That Bible verse in Jordan Peele's Us: What does it mean?
It would take all the hands in America to unpack every reference and Easter egg in Jordan Peele's meta-horror opus Us, but one, in particular, begs for an explanation: the Bible verse that young Adelaide (Madison Curry) first notices in the clutch of a handsome but possibly disturbed young man in the movie's opening — and then again as grown Adelaide (Lupita Nyong'o) returns to the Santa Cruz Beach Boardwalk in a pivotal later scene.
What is Jeremiah 11:11 exactly? From the King James Bible, it reads:
"Therefore thus saith the Lord, Behold, I will bring evil upon them, which they shall not be able to escape; and though they shall cry unto me, I will not hearken unto them."
In some ways, it sounds like fairly standard fire-and-brimstone stuff — and not totally unrelated to Samuel L. Jackson's famous "and I will strike down upon thee with furious anger" promise in 1995's Pulp Fiction before he mows down a roomful of misstepping college kids.
But with Peele, there's always another layer. As he recently explained to NPR, "I tried to apply this idea of duality to everything in the film…. My favorite horror images are the beautiful ones that are subverted. This is why I was drawn to The Stepford Wives, and movies like Jaws and The Shining appeal to me, is that when you have something idyllic and beautiful and sort of perfect, that's where true horror lies."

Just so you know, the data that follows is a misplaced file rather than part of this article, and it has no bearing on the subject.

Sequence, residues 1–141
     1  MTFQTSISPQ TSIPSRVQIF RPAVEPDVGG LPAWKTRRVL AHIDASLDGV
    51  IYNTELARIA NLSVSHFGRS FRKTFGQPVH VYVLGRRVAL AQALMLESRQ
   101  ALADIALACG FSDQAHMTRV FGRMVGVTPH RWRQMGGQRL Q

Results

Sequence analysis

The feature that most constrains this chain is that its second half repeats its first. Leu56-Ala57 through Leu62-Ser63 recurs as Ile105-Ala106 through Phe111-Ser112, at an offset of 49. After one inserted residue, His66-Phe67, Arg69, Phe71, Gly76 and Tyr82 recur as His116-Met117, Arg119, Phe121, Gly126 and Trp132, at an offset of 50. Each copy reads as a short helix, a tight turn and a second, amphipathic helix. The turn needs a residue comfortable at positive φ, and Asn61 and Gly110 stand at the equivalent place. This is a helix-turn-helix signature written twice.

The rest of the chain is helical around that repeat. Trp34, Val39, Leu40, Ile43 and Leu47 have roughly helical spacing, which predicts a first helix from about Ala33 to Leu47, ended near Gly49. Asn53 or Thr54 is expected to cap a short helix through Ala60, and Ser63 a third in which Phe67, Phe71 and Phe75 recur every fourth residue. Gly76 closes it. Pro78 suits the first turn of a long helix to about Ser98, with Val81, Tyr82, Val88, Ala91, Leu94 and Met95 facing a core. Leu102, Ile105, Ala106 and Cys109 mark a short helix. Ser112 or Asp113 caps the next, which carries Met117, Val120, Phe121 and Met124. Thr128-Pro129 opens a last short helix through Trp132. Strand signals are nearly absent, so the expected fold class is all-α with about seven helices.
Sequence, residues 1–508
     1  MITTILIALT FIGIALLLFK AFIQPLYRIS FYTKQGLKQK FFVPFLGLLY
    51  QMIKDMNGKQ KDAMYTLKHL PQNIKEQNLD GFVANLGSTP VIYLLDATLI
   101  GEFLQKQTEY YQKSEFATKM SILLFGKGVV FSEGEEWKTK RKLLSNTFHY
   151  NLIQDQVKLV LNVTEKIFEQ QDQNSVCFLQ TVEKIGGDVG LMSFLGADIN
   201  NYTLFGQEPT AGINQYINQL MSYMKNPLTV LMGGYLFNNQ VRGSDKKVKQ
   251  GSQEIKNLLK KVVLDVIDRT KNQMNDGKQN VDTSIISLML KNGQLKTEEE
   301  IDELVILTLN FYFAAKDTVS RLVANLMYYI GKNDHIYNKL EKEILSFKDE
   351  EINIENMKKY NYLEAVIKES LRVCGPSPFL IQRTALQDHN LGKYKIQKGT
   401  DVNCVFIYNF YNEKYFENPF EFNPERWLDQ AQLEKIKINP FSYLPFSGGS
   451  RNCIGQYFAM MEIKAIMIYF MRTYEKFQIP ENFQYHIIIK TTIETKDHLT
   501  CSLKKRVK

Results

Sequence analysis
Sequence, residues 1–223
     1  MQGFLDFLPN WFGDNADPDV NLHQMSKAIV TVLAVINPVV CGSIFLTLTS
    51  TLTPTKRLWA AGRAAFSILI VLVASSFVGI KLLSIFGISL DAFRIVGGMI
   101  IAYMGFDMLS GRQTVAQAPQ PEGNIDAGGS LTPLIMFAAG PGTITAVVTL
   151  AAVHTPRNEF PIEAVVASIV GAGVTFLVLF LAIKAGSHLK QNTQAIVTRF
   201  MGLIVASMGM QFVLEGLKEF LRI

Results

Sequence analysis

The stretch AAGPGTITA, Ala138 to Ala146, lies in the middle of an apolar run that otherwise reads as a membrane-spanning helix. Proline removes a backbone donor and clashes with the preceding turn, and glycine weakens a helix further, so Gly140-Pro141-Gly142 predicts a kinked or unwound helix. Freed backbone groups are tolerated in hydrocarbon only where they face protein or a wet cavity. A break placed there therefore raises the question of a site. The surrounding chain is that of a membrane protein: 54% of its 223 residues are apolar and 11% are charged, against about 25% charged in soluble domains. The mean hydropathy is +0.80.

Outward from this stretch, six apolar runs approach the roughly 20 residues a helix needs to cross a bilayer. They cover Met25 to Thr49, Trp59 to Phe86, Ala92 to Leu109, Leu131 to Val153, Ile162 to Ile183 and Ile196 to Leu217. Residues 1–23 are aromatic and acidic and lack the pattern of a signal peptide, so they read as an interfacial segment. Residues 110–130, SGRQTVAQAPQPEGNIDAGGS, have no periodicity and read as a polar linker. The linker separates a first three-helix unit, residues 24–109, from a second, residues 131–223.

So — stop here if you haven't seen the movie yet — who is the real inescapable evil in Us; is it the lurching doppelgängers trapped in their underground lair yearning to break free, or the privileged, oblivious humans who have wrought them, unconsciously or not?
There may not be a definitive answer, but according to Nyong'o, it might be as simple as looking in the mirror: "Jordan's exploring this notion that right now we're preoccupied globally with the other," she told EW. "The monster that is the other: the other culture, the other country, the other political faction, the other religion, the other gender.
"And what about the monster that sometimes comes in the shape of the man in the mirror and the darkness that we humans are prone to and quite naturally inhabit?" she continued. "Sometimes that darkness goes unattended to, unrecognized, ignored. And it is when that happens that we project it out externally and it becomes the destruction that we then have to contend with."
If the warning of Jeremiah 11:11 is true, God isn't coming to deliver humankind from evil; we'll have to pick up the scissors and save ourselves.